Coincidentally, Google today announced a partnership with the Bavarian State Library to digitize more than a million public domain and out-of-print works.

Good luck Google.


Professor Fraud at Wikipedia

Turns out I shouldn't be so intimidated by the editors over at Wikipedia: they aren't all experts, even if they say they are. At the beginning of the month it was revealed that one of the sites editors, under the pseudonym "Essjay," who had repeatedly claimed to be a professor of religion at a private university (going so far as being quoted in a "New Yorker" interview as such!), was actually a 24-year old college student. He'd been editing articles with the help of, among other texts, "Catholicism for Dummies."

This situtation throws into sharp relief the issue of credibility, accountability, and the difficulty of determining authenticity in the digital age. And besides all that...besides this guy's clear intent to decieve...he was presumably a valuable editor and contributor to the Wikipedia community. Does the fact that he holds no degree and had to conduct research (however lame his sources might have been) invalidate his entries or edits? If they still hold up to Wikipedia's standards, don't they have merit?

In this case he was asked to resign from the site and his editing privileges were removed...but in the big picture, verifying every editor's identity will no doubt become a huge and unsurmountable task. At what point will we (if ever) stop caring about actual identity, when the digital identity is a positive presence?

Open Source in Education

By the end of the year, MIT will put its entire catalogue of course materials online for free access. Only 5 years old, MIT's OpenCourseWare already contains complete information from 1,550 out of 1,800 total courses. Materials available online include lecture notes, assignments, podcasts, and videocasts.

What impact might this have on the education gap? Will only the highly literate and connected benefit? Perhaps, as internet access becomes cheaper and more widespread, free and highly reputable academic repositories such as OpenCourseWare will make education accessible to more of the population.

Should universities and schools be concerned about being replaced by electronically available informtaion? I doubt it. I think such repositories will act as an additional resource, a parallel service to the in-person and community-based teaching offered on college campuses.

Link (via /.).

Related: How the Open Source Movement Has Changed Education: 10 Success Stories from Online Education Database

Machine Project "demystifies tech world"

I get a daily newsletter about events in the LA area that linked me to a cool site the other day ( Machine Project is reminiscent of the Feral Robotic Dog project, though not so lofty in it's socio-political-environmental goals. It's basically a continuing education center, but there's a strong focus on technology, software programming and some (reverse) engineering tossed in there:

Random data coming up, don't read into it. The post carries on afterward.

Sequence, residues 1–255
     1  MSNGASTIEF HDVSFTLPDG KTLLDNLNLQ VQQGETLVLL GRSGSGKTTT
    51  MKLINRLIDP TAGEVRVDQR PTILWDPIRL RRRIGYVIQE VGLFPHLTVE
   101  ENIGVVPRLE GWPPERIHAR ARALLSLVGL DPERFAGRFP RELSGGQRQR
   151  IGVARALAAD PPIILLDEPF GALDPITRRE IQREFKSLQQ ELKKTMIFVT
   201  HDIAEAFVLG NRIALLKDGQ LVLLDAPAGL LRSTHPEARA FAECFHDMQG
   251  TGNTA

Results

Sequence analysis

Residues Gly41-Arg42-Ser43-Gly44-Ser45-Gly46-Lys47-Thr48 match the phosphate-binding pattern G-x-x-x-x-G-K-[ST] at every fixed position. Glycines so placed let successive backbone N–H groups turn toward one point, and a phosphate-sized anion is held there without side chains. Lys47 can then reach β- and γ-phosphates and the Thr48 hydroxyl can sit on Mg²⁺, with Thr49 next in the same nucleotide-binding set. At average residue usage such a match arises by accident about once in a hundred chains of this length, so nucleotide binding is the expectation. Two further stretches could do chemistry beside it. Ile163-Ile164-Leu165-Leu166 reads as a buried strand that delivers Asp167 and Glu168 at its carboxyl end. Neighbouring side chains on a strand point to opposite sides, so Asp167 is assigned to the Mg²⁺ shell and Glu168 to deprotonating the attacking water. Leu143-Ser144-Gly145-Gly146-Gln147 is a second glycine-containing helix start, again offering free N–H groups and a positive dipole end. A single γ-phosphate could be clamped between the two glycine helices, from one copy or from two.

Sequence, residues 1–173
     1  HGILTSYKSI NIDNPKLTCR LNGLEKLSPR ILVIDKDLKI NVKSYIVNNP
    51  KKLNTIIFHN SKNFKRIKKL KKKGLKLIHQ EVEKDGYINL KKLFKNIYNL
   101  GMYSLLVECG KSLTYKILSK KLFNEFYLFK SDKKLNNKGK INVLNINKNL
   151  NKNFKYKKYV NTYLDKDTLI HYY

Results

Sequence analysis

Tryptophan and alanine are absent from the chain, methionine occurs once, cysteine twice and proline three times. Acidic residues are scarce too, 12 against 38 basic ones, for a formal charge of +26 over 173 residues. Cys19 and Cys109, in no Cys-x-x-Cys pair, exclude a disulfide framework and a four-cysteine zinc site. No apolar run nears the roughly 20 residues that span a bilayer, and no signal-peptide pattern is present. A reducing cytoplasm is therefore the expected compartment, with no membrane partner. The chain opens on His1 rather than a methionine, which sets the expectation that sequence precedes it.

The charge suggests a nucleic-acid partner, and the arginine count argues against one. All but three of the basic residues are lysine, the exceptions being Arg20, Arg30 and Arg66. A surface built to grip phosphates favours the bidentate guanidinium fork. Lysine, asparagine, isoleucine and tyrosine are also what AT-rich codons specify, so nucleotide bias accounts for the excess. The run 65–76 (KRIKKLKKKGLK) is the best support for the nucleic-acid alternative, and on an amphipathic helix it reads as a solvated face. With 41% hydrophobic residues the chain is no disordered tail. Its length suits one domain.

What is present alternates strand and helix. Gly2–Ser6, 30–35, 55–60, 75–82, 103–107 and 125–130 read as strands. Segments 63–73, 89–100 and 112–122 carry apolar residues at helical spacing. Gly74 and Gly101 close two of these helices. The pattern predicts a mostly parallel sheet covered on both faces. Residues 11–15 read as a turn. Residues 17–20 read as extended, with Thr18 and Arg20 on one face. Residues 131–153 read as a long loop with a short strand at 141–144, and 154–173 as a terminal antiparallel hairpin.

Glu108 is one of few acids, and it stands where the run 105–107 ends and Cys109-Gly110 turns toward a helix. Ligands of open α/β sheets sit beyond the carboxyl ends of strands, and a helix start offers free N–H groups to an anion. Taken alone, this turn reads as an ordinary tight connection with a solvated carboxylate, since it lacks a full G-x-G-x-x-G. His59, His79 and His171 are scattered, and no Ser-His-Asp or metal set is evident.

"The nonprofit event space and community center in Echo Park aims to encourage creativity and demystify the world of high-tech gadgetry by offering educational lectures, interactive installations, and workshops like Machine Sewing 101, Introduction to Solar Robotics, and Square Waves for Beginners.
This month: build a noise-maker from scratch in the Felt and Circuits Workshop, configure your own multimedia program computer software in the Max/MSP class, learn How Computers Work, or create an amplifier out of $5 worth of parts and a cereal box."

Just thought I'd spread the word...I may check it out myself--I'll be sure to keep you posted :)

US Department of Transportation Slams Vista, IE7, Office 2007

According to InformationWeek, the US DoT has banned Microsoft's recent upgrades to Office, Windows and Internet Explorer.

In an internal memo dated January 19th, Daniel Mintz inserts that "there is no compelling technical or business case for upgrading to these new Microsoft software products. Furthermore, there appears (sic) to be specific reasons not to upgrade." As such, he has imposed an "indefinite moratorium" on upgrades from Office 2003 and Windows XP for its 15,000 desktop users.

In an interview on March 2nd, DoT CTO Tim Schmidt reconfirmed the ban, and explained that they were testing alternate platforms as possible replacements or compliments to a Windows offering. Included in those platforms are SuSe Linux and Apple's OS X.

While they have not entirely ruled out upgrades to Vista in the future, they are proceeding cautiously in order to avoid possible compatibility and stability issues that go along with such a significant upgrade.

The DoT is not the only Federal organization to impose such a ban. The Federal Aviation Administration, with nearly 45,000 desktops, has initiated a similar ban on upgrades for Microsoft products.

(via InformationWeek)

Major Labels Sue Yahoo China

Beijing-based Alibaba, the operator of Yahoo China, has received a joint lawsuit from a number of companies, including Universal and Warner Music Group.
The 11 music companies said in their complaint that Yahoo China provided lyrics, mobile phone ring tones based on the songs and enticed users to download or listen to them online.
According to Xinhua news agency, The Beijing No. 2 Intermediate People's Court has accepted the lawsuit. While physical piracy remains rampant in China, there has been a number of lawsuits in recent months regarding the Internet (i.e Baidu) - it will be interesting to see how the court rules.

(Via Shanghai Daily)

AnyDVD HD Update Strips Blu-Ray Encryption

Remember a couple of weeks ago when AnyDVD HD was released, and you no longer had to worry about region codes or AACS on HD-DVDs? Remember how SlySoft promised Blu-Ray compatibility in beta by the end of the quarter?

Well wait no longer. Slysoft has released AnyDVD HD version, non-beta, which strips HD-DVDs AND Blu-Ray discs of their encryption and region codes. Grab the update here if you already have a copy, or download the trial!